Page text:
2) Discuss the various forms, degrees, and elements of negligence under US law. Provide a specific example of how the elements of negligence apply to negligence in the delivery of healthcare services.

The three forms of negligence that Pozgar discusses in chapter 3, page 33 of his text is:
1- Malfeasance - Performance of an unlawful or improper act.
2- Misfeasance - The improper / mistaking performance of an act that results in injury or death
3- Nonfeasance - Failing to act when there is a duty to act under conditions that dictate you should

When applying negligence in tort law, the two degrees that are considered in court are ordinary negligence and gross negligence (Pozgar, ch.3, pg.33). Ordinary negligence in medicine is a healthcare provider's failure to do or not do what a prudent person would in a similar situation. Gross negligence is the willful and wanton omission of care that would be proper or choosing to conduct any other acts that are improper.

Legally, there must be four specific elements present in a plaintiff's case if they hope to successfully recover damages they incurred. The four main elements that are considered by courts are, Duty to Care, Breach of Care, Injury, and Causation (Pozgar, ch.3, pg. 33).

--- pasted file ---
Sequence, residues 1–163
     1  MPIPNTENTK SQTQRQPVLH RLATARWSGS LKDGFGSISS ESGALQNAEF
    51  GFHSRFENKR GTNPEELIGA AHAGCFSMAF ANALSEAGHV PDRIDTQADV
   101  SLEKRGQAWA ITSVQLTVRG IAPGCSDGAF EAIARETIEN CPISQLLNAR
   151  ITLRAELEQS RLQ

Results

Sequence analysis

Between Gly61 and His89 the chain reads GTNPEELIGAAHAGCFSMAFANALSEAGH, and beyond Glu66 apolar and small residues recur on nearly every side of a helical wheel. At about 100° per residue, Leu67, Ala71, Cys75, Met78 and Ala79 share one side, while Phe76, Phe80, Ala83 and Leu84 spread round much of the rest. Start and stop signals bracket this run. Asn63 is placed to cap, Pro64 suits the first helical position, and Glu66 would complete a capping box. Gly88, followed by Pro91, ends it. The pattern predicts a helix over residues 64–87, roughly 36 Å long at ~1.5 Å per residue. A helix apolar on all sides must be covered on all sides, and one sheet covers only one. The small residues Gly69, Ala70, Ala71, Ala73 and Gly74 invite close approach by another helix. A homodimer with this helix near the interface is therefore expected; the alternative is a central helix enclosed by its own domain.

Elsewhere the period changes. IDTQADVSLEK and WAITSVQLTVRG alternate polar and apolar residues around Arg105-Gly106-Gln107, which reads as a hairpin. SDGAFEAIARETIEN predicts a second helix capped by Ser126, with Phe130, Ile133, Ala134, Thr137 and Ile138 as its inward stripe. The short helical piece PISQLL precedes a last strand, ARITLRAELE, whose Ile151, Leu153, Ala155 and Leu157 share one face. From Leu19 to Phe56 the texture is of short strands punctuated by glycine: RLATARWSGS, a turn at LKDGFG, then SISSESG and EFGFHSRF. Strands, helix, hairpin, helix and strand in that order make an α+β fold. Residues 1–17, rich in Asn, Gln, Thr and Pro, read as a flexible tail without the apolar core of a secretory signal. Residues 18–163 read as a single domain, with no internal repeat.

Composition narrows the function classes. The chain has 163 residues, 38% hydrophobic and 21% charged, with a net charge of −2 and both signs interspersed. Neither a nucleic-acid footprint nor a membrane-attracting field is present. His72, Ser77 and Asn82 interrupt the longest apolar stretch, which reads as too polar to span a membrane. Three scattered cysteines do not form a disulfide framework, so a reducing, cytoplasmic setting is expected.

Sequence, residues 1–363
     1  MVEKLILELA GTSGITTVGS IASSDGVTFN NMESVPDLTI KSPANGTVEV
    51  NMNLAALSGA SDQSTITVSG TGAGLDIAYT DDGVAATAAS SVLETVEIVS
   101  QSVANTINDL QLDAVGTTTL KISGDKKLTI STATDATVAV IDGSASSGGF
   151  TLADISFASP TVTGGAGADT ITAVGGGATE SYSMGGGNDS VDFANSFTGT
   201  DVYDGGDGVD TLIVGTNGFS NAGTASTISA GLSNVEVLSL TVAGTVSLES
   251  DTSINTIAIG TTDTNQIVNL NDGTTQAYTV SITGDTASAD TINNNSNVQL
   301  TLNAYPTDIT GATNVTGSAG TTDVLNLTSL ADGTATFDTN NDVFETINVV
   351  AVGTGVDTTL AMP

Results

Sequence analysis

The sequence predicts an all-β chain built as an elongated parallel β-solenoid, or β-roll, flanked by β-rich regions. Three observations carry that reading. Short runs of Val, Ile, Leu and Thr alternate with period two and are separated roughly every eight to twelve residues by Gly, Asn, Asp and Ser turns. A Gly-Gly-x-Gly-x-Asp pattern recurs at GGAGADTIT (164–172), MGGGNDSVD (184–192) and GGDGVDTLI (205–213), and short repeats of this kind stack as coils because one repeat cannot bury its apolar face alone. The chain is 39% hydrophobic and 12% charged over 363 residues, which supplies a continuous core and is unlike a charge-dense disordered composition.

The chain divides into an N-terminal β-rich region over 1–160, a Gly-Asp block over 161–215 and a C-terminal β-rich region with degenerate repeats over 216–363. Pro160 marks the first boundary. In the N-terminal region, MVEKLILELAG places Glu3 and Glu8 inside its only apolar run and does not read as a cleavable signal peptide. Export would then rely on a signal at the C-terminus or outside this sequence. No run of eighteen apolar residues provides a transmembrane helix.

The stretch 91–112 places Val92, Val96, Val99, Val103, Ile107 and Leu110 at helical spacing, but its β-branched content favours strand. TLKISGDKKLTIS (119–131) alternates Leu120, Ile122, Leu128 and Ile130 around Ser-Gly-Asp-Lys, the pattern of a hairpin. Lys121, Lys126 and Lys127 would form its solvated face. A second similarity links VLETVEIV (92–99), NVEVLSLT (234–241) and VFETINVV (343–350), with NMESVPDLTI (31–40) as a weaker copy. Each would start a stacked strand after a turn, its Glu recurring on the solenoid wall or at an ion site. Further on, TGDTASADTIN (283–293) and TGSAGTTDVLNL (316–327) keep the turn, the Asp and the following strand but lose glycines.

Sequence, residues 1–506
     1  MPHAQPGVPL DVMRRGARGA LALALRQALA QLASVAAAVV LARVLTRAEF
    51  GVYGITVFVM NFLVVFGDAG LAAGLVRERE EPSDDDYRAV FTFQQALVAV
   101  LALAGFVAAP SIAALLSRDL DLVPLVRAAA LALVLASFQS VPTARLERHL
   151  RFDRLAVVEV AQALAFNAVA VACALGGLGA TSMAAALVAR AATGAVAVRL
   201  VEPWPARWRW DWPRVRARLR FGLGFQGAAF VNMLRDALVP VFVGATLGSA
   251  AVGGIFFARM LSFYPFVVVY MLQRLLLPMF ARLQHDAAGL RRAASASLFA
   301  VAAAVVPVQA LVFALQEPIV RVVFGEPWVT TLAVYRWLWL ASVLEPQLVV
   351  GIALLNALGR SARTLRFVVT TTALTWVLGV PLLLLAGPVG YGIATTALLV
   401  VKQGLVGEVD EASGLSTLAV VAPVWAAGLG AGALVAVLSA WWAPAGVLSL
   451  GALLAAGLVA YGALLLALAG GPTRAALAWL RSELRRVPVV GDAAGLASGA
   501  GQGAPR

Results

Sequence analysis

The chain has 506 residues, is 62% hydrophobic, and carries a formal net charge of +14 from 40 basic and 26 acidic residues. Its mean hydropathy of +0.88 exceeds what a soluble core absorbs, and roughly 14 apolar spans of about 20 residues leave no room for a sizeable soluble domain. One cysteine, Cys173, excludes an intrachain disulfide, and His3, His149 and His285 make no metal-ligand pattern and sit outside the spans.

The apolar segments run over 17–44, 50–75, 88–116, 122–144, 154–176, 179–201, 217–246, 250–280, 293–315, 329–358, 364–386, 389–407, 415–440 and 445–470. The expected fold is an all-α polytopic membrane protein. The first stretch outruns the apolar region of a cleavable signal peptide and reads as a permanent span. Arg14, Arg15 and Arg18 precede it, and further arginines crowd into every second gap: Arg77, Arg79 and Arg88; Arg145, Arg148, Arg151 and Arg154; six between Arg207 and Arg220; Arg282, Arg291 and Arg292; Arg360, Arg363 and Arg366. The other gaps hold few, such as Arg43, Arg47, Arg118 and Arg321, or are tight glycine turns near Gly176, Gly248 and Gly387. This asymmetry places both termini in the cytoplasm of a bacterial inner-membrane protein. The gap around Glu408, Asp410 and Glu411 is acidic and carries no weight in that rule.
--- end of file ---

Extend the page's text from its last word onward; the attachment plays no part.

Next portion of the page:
The elements of negligence and how they apply in court are clearly displayed in Figure 3-1 (the four elements of an act of negligence) in chapter 3, pg. 34. It is important to note that in order for a plaintiff to obtain a favorable ruling, they must show evidence of all 4 elements existed in their case and their evidence must outweigh the evidence of the defendant's evidence in order to be successful. This standard of showing evidence is not as demanding on a plaintiff as would be the standard of beyond a reasonable doubt that is required in a murder trial. As long as the plaintiff can show some form of negligence occurred and apply the 4 elements, they have a decent case for receiving compensatory damages (Pozgar, ch.3, 34).

A good example of the elements of negligence being applied in a lawsuit can be found in the case of O'Neill v. Montefiore Hospital in ch. 3, pg. 34. The plaintiff in this case demonstrated that all four elements of negligence were present. Duty to care existed because it was an emergency room. Breach of care occurred because the Dr. and Nurses refused treatment to the patient based on insurance issues. As to the injury element, this case resulted in the death of the patient upon being sent back home as they were in fact having a heart attack that went untreated. This refusal to treat a patient immediately who was having chest pains in the ER was a departure from the norm which substantiated the causation element. So, in this case, ...

Solution Summary

The legal aspects of healthcare are determined. The primary sources of law in our United States legal system is determined.